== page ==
Travel Reference
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cus and concentrate, to come close and then back off, to see squares within squares like
chapters and paragraphs, patterns within patterns. The mosaic was visually like Russian
nesting dolls.
The imagery and artistry were complex, with each drawing being iconic. "Within the good
there is evil," José said and commented on the black figure of death within the good half of
the mural. Likewise, the wicked side had a subtext of benevolence as if to warn the good
of the potential for evil and to instill hope among the wicked for benevolence.
José continued. "The left side represents the male, whose symbol is the scorpion. It rep-
resents scarcity, darkness and evil. The right side, the female side, is represented by the
firefly (glow worm). It brings abundance, light and good. The mural recorded pre-Hispan-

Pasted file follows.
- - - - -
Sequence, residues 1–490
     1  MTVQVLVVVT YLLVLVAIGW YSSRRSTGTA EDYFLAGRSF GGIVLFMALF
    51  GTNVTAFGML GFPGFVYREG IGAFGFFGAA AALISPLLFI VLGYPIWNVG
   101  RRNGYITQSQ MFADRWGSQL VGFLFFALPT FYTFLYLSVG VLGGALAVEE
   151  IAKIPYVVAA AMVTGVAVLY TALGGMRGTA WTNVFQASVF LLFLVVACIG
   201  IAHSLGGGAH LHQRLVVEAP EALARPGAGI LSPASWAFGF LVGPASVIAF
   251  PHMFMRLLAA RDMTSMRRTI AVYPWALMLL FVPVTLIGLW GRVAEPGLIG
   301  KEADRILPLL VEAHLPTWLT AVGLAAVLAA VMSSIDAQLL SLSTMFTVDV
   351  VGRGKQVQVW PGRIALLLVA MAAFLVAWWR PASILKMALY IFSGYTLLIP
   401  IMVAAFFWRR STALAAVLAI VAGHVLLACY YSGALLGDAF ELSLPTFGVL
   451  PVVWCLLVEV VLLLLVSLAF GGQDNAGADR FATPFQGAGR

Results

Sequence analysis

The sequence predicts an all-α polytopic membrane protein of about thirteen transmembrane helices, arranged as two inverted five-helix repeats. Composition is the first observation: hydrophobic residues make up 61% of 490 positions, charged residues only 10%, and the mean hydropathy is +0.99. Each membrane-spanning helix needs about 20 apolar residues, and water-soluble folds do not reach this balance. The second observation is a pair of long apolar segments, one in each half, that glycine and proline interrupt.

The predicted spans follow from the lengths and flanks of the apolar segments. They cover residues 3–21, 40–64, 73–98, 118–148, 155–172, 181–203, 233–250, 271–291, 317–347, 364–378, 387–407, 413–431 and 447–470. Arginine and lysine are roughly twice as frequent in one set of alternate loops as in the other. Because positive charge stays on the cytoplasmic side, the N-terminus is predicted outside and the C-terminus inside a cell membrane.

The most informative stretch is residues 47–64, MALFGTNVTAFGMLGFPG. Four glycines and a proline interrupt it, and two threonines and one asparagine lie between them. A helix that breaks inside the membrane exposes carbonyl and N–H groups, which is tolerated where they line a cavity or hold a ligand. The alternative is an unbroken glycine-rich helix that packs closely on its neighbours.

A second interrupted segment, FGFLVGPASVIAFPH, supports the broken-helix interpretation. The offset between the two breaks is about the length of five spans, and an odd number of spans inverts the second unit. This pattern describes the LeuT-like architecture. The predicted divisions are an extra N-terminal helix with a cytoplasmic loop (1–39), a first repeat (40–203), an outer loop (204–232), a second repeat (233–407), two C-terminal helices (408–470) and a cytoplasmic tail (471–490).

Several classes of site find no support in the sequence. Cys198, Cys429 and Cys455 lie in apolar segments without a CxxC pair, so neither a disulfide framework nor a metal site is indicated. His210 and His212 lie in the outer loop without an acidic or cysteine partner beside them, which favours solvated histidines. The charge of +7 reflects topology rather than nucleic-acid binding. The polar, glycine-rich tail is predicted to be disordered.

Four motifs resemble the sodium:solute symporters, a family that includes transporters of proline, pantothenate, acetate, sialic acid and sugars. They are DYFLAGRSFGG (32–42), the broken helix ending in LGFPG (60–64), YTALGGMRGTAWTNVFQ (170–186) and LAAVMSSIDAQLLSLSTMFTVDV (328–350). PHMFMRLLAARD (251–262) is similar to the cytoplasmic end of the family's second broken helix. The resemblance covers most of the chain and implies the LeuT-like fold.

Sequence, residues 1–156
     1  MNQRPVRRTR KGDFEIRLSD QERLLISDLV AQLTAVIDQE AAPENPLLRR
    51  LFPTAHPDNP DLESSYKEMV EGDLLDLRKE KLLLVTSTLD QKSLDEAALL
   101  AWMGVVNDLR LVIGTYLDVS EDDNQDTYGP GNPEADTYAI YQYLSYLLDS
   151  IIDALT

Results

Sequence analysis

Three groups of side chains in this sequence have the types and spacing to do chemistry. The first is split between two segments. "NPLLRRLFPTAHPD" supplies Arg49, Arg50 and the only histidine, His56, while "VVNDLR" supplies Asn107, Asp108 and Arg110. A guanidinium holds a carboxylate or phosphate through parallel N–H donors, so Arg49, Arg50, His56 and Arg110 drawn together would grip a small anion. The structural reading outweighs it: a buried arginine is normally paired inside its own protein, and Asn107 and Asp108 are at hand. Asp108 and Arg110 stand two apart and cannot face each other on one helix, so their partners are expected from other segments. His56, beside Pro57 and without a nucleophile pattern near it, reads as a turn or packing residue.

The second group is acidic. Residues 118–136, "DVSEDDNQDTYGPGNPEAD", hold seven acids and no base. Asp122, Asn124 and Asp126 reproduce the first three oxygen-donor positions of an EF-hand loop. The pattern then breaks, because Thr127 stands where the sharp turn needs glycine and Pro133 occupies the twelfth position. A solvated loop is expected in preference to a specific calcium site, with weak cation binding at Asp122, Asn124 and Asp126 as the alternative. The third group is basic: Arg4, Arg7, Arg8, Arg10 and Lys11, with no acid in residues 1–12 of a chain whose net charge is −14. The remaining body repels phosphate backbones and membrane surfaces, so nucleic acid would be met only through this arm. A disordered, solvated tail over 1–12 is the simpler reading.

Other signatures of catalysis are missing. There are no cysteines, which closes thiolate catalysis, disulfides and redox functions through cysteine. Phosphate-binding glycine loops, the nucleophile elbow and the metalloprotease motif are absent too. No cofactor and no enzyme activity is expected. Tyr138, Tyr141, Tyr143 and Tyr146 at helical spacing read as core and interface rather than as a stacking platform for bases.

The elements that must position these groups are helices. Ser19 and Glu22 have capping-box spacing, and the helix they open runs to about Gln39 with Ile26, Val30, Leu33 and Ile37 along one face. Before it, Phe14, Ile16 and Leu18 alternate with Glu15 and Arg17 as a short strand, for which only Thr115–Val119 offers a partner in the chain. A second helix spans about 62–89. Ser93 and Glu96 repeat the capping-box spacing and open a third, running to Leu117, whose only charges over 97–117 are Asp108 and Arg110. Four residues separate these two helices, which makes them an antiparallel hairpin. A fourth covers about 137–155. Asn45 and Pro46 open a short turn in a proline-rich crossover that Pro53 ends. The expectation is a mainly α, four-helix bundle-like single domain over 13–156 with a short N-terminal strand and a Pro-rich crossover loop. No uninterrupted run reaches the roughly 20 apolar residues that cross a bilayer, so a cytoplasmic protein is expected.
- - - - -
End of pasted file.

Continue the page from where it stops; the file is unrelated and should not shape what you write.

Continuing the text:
ic beliefs in contemporary art. It mirrored the Huichol community's heart and soul. José
explained and pointed. The sacred disk at the center of the mural represented Tepari, Vital
Energy. There were symbols for the four elements: air, water, fire and earth. The mural
also contrasted two epochs, drought and rain. As I examined the complex art, it became
I recalled the childhood nursery rhyme, “There Was a Man,” which encouraged a second
look when something was difficult to understand.
There was a man in our town,
And he was wondrous wise,
He jumped into a bramble bush,
And scratched out both his eyes;
But when he saw his eyes were out,
With all his might and man,
He jumped into another bush,
And scratched 'em in again.
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